could be used, by some, to suggest he possibly planned to disappear and was laying the groundwork. It could also be the wishful-thinking of a guy just
out of his teens. Is a UFO fantasy that much different to wishing to escape by winning a lottery? It’s all escapism.
The confusion surrounding the investigation led to several possible explanations that fell short of confirmation due to bad luck and missed
For example, a pilot actually saw debris in the waters of Bass Strait in the right place and right time. Unfortunately, he didn’t have the on-board
tech to identify his coordinates and had to ascend to a high altitude to get his bearings. By the time he tried to return to the debris, he’d lost
sight of it. Another missed opportunity was the discovery of separate debris from a Cessna 182L and from the same production line as Valentich’
plane; it was found in a different location and thought an unlikely suspect.
Cessna aircraft weren’t cheap. They cost a half-million dollars in modern money. Maybe he’d arranged to slip away and sell the plane on the
black-market? This might have netted him a few thousands, but black market rates are usually around 10% of actual value for people at the bottom.
Possible, but not high on probability.
Other aspects we can see in the files are the series of UFO and unusual aerial activity in the skies that night. In fact, within the same time-frame
(+/- hour) strange activity was reported by different witnesses in four separate locations. One of the reports described a large triangular object
seen through binoculars; another involved a light rising and dipping in the location of Valentich’ plane. A very interesting account described
‘metallic scintillation’ in the same area, at the same time. What could that have been?
Bright object dips and rises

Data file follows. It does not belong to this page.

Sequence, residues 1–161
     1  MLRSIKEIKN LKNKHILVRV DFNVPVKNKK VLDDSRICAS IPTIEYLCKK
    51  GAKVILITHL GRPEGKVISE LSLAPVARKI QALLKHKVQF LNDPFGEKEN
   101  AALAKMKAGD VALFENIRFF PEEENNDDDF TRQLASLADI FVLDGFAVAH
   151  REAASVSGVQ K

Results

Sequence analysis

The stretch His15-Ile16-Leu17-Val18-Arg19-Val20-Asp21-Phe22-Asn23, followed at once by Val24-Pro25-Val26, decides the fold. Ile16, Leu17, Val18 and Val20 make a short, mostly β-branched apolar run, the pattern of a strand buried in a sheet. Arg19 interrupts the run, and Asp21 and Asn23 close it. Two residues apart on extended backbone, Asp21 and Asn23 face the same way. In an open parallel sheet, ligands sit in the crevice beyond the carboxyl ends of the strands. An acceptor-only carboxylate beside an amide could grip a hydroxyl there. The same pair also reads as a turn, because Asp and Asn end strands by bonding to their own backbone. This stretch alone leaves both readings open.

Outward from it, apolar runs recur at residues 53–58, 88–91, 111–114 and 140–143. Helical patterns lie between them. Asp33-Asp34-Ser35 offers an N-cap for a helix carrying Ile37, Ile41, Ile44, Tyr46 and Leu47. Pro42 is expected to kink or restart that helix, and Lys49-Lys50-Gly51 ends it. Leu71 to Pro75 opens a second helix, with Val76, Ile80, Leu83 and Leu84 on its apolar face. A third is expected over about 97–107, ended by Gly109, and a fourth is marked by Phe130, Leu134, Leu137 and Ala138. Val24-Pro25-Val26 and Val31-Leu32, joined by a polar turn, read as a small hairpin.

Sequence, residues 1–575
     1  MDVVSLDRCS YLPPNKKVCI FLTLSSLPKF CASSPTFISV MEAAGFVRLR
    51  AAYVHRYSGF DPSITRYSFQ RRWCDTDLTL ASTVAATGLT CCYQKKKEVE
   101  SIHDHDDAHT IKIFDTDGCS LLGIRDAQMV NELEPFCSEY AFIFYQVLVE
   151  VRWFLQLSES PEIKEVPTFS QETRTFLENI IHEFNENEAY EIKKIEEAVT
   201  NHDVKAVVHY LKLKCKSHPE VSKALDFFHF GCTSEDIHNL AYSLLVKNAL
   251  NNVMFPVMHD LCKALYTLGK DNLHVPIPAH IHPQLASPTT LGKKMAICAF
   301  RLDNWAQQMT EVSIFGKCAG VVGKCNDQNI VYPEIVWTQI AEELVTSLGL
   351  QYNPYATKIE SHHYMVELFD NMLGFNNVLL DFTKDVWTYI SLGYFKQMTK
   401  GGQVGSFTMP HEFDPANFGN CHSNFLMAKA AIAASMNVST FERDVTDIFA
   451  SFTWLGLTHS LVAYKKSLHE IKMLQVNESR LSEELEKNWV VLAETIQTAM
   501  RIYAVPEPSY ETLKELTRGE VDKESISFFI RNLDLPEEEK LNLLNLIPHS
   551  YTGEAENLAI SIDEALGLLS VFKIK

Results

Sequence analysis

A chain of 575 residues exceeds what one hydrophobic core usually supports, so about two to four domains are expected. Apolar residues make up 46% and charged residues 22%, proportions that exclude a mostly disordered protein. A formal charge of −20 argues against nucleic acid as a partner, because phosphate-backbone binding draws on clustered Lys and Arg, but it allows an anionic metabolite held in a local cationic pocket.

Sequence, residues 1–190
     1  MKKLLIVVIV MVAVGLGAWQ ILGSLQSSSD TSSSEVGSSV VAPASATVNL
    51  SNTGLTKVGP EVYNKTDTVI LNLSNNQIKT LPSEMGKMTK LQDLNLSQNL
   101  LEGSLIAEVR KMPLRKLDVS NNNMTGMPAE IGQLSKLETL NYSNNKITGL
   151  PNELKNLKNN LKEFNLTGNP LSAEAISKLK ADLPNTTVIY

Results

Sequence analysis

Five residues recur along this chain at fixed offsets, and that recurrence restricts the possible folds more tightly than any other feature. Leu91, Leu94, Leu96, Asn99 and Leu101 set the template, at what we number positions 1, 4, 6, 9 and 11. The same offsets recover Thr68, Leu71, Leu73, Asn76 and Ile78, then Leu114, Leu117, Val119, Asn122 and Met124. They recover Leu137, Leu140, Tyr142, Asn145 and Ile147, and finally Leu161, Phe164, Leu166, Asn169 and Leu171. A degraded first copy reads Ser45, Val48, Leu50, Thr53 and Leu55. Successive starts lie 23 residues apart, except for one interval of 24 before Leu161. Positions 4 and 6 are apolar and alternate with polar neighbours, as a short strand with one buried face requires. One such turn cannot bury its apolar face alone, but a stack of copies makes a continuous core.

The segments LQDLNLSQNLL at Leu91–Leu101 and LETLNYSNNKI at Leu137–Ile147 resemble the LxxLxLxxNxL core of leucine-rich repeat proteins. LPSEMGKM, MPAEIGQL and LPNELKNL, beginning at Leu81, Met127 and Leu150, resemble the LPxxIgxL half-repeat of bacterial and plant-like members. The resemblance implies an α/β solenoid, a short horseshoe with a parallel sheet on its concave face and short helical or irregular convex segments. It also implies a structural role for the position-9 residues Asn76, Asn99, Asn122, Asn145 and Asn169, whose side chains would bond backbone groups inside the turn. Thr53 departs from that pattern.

Triangular yellow object report
The case remains unsolved although investigators listed several possible scenarios...
‘UFO intervention’ is justifiably a minutely low-probability event. However, I’m not sure of the logic behind the investigators’ conclusion
there. After all, if nobody saw the aircraft crash – or vanish – does that mean nothing happened? Ruling out a UFO based on the lack of reported
large flying objects seems a little simplistic.
By reading these files, you might find something that others have missed. Whatever really happened, it appears there was a collision of factors that
make the circumstances bewildering. Why did Valentich seem dishonest about his plans? Why was he preoccupied on the Friday night? Was it a coincidence
that debris from a Cessna 182L was discovered elsewhere? He described a strange metallic object and others saw odd lights and objects at the same
time. If he hoaxed it all, circumstances seem to have helped him a great deal. If he didn't hoax it, what might have happened to him?
You can find out for yourself by visiting Keith's blog and following his directions.
Some links -
Valentich Disappearance: New Evidence and a New Conclusion (Haines)
Keith Basterfield's Blog
edit on 30-6-2012 by Kandinsky because: (no reason given)